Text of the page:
Ceruleum Sea: June 1961

left – Interior with Garden Window: 1955
right – Pale Garden Painting: July – August 1984

Five Discs: 1963

Camellia Garden: 1956

Big Complex Diagonal with Emerald and Reds: March 1972 – September 1974

“Painting should resolve asymmetric, unequal, disparate formal ingredients into a state of architectonic harmony which, while remaining asymmetrical, nevertheless constitutes a perfect state of balance, or equilibrium… The process of pictorial statement should involve an elaborate, intuitive adjustment and readjustment of initially warring and disparate elements, until they finally click into the condition of balance.”

Patrick Heron, 1969

left – Violet in Dull Green: July 1959
right – 1-3 September: 1996

“The architecture of the canvas, the spatial interrelation of each and every touch (or stroke, or bar) of colour, the colour-character, the paint-character of a painting – all these I now explore with a sense of freedom quite denied me while I still had to keep half an eye on a ‘subject’.”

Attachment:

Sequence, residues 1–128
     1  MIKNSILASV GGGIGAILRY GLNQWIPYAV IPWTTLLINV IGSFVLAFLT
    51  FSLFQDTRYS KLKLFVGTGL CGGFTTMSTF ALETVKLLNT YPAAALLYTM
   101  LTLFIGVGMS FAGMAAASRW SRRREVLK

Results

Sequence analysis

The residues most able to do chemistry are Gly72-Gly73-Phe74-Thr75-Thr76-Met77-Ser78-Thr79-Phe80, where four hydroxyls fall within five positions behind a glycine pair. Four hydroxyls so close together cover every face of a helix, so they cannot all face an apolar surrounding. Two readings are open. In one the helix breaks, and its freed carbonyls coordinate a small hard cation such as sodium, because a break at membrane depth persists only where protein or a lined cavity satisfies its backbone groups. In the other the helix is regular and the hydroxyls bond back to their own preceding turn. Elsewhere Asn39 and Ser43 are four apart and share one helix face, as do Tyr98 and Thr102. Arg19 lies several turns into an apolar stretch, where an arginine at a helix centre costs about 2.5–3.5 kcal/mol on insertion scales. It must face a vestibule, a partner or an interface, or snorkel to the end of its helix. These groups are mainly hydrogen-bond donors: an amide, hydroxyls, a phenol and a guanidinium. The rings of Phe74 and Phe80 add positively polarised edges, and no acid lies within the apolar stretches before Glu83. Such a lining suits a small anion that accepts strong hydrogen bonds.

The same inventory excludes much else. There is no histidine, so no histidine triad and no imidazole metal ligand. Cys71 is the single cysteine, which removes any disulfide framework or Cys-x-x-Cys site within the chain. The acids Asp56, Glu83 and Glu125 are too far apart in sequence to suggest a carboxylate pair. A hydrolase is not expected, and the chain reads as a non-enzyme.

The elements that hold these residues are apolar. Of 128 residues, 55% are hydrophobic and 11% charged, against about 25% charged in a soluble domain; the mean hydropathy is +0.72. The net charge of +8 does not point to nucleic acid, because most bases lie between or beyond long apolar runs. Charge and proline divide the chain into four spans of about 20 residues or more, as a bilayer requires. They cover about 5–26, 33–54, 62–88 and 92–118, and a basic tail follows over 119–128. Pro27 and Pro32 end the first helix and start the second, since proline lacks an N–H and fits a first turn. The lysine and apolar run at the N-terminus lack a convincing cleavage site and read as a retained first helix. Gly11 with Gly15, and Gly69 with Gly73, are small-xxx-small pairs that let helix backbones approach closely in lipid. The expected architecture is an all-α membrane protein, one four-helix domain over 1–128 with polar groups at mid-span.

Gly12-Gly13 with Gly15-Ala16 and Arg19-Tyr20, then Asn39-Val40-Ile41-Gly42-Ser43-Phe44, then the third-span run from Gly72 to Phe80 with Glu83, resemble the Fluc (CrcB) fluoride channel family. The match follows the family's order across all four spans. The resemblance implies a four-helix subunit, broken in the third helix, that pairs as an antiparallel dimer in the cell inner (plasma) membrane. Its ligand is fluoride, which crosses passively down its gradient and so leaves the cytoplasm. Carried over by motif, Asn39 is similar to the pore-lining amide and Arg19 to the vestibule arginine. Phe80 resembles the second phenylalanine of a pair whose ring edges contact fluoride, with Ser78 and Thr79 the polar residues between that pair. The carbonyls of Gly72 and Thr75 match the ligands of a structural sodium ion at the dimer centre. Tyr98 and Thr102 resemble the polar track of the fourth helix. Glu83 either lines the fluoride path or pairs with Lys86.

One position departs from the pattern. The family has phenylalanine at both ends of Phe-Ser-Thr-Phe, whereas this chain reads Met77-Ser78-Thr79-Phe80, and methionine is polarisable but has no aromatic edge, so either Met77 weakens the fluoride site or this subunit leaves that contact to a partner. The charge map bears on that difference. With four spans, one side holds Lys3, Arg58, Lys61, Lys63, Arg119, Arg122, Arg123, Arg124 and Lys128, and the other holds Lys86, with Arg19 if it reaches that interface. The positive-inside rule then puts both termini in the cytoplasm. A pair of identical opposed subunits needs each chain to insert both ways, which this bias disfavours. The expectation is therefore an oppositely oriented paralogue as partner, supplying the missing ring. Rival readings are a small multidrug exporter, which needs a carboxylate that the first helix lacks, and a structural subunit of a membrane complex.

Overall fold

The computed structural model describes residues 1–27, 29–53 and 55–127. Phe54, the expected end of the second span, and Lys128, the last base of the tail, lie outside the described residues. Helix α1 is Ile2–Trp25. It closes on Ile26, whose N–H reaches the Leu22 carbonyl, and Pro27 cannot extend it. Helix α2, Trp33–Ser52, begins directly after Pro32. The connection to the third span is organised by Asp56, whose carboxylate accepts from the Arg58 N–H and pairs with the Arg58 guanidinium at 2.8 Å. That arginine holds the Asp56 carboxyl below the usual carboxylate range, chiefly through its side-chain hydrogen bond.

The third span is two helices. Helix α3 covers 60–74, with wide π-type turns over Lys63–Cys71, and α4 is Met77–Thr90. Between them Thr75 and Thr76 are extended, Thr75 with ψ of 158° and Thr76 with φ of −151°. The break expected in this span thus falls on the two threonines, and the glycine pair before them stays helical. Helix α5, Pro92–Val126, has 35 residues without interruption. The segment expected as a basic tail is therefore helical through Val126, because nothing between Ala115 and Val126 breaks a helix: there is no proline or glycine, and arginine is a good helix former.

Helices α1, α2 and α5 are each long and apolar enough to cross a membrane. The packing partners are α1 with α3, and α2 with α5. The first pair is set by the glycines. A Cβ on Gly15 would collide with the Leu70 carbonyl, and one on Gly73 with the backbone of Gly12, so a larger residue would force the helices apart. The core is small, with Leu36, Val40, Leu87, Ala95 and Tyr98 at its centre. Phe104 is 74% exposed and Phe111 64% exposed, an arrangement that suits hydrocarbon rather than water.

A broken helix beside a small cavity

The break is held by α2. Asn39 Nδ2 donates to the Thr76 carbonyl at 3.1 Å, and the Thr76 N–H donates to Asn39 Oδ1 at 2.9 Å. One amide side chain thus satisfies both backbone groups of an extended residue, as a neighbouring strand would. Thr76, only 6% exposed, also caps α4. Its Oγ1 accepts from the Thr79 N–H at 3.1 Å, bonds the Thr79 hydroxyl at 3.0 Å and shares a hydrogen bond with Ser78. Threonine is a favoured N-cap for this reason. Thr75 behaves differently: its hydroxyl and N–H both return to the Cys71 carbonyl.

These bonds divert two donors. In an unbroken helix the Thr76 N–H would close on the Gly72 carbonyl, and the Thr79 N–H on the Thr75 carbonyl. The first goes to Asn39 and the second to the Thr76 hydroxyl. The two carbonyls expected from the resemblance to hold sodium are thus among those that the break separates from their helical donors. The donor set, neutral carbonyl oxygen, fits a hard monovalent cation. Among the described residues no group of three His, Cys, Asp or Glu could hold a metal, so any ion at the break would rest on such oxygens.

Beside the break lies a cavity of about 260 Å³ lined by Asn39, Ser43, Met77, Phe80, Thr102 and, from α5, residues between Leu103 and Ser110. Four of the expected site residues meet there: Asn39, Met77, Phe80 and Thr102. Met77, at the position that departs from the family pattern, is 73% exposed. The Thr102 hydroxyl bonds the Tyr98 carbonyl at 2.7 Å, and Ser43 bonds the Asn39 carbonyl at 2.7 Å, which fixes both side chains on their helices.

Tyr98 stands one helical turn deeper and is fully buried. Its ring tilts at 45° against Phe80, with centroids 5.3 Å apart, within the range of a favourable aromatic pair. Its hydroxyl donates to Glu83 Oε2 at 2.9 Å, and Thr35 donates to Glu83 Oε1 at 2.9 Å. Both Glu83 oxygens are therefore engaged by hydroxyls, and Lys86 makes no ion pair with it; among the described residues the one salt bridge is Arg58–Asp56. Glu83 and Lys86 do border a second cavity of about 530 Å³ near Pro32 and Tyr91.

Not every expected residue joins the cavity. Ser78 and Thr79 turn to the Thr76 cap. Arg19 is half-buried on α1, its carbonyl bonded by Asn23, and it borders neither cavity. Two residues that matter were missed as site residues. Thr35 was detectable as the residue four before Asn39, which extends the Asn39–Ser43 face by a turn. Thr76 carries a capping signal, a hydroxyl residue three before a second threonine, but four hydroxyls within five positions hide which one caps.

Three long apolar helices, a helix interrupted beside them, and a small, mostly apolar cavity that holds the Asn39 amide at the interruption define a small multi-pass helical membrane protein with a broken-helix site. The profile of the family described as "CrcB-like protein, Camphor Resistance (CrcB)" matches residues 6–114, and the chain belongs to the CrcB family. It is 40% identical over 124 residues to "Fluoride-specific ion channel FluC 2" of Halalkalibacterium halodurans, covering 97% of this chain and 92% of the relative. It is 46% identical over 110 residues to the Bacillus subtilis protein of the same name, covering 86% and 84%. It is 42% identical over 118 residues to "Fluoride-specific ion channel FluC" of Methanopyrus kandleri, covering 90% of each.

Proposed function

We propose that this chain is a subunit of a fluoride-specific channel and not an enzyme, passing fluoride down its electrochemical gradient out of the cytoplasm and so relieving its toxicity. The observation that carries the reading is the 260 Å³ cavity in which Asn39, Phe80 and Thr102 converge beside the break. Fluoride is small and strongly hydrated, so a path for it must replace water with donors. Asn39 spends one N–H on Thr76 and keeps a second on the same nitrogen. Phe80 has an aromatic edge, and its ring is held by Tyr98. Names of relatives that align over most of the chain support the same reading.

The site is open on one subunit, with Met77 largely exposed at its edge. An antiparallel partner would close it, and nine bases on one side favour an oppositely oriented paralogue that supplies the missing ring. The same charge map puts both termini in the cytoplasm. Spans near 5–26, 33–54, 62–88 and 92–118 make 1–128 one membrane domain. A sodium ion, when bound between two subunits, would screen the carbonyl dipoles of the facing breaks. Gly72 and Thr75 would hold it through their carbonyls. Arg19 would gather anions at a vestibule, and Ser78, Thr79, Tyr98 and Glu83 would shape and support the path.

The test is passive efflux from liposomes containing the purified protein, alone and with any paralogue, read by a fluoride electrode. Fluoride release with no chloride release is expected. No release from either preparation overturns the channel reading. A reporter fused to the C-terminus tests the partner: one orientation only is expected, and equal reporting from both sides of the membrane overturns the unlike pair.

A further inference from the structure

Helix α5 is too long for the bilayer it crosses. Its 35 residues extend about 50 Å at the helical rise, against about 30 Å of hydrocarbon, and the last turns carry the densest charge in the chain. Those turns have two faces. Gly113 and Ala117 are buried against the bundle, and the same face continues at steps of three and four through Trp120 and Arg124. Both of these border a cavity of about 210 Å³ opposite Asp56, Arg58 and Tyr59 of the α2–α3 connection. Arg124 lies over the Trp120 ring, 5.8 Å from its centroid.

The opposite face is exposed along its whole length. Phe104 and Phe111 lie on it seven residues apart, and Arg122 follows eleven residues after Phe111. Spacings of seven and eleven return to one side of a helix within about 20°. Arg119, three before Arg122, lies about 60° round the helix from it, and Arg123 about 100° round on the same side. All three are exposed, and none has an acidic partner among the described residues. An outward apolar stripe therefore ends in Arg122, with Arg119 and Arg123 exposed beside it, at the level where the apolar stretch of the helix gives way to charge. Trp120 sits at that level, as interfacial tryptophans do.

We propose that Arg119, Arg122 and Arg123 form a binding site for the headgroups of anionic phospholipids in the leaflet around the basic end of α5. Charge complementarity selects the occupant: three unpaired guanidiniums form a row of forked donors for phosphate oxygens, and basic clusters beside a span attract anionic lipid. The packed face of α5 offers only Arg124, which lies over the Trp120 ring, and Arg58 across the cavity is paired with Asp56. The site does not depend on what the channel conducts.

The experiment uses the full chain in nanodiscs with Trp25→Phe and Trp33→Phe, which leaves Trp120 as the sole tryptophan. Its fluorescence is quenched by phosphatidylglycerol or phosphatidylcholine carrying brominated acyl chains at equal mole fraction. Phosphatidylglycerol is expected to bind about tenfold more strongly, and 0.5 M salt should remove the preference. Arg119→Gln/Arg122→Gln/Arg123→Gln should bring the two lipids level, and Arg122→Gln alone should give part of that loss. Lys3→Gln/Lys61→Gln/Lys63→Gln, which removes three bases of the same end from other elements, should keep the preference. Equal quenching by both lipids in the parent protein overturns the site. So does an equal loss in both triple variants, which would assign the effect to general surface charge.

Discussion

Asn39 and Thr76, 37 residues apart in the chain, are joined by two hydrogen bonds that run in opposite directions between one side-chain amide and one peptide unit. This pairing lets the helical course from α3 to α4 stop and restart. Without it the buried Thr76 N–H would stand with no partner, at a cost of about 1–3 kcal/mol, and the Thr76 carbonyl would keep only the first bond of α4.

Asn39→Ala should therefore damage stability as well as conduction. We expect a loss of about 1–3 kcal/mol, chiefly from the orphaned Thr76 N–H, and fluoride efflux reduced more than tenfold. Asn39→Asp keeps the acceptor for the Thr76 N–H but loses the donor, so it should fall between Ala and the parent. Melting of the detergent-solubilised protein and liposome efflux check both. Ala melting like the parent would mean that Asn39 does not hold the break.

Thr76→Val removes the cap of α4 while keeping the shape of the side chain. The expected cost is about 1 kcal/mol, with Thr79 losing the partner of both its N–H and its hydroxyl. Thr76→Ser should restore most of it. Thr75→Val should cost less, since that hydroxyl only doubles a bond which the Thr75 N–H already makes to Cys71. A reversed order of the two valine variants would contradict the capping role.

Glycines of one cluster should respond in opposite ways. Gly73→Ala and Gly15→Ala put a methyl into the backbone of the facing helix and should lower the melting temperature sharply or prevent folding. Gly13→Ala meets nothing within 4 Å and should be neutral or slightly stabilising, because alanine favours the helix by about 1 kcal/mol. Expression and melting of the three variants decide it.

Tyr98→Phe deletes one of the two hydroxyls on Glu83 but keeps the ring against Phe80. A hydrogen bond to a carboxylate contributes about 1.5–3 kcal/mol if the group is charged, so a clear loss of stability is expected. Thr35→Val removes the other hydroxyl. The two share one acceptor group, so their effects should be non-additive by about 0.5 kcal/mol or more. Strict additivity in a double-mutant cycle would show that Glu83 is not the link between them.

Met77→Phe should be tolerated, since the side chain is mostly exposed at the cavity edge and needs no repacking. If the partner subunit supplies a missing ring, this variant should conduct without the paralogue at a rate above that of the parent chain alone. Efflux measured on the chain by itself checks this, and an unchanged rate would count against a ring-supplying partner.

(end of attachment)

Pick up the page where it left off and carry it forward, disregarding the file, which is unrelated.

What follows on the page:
Patrick Heron, 1956

“This group of gouaches was made in February and March 1999, in the last weeks of Patrick Heron’s life, and are exhibited here for the first time.

“These vividly coloured paintings were produced in an extraordinary burst of creativity in the year following Heron’s major retrospective at Tate in 1998, after which he initially struggled to paint. Encouraged by his daughters to begin painting again, between November 1998 and March 1999 he produced a series of over forty modestly-scaled paintings. Heron’s very last gouaches however were larger in scale, allowing for an even greater liquidity and openness.